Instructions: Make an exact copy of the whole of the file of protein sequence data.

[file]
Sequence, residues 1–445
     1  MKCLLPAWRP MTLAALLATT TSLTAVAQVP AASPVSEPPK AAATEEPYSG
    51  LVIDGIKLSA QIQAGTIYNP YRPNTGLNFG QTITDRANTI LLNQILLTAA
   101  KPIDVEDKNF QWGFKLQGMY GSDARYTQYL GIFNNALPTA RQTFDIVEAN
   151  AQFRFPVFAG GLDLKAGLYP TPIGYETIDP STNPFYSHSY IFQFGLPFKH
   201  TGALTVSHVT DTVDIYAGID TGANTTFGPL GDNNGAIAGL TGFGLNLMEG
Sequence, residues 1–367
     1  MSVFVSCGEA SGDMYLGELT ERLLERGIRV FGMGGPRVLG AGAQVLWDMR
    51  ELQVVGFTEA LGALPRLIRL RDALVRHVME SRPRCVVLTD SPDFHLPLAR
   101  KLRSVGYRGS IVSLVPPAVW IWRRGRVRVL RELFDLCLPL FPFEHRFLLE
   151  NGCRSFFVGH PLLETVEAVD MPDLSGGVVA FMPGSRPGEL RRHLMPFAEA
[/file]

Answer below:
Sequence, residues 1–445
     1  MKCLLPAWRP MTLAALLATT TSLTAVAQVP AASPVSEPPK AAATEEPYSG
    51  LVIDGIKLSA QIQAGTIYNP YRPNTGLNFG QTITDRANTI LLNQILLTAA
   101  KPIDVEDKNF QWGFKLQGMY GSDARYTQYL GIFNNALPTA RQTFDIVEAN
   151  AQFRFPVFAG GLDLKAGLYP TPIGYETIDP STNPFYSHSY IFQFGLPFKH
   201  TGALTVSHVT DTVDIYAGID TGANTTFGPL GDNNGAIAGL TGFGLNLMEG
Sequence, residues 1–367
     1  MSVFVSCGEA SGDMYLGELT ERLLERGIRV FGMGGPRVLG AGAQVLWDMR
    51  ELQVVGFTEA LGALPRLIRL RDALVRHVME SRPRCVVLTD SPDFHLPLAR
   101  KLRSVGYRGS IVSLVPPAVW IWRRGRVRVL RELFDLCLPL FPFEHRFLLE
   151  NGCRSFFVGH PLLETVEAVD MPDLSGGVVA FMPGSRPGEL RRHLMPFAEA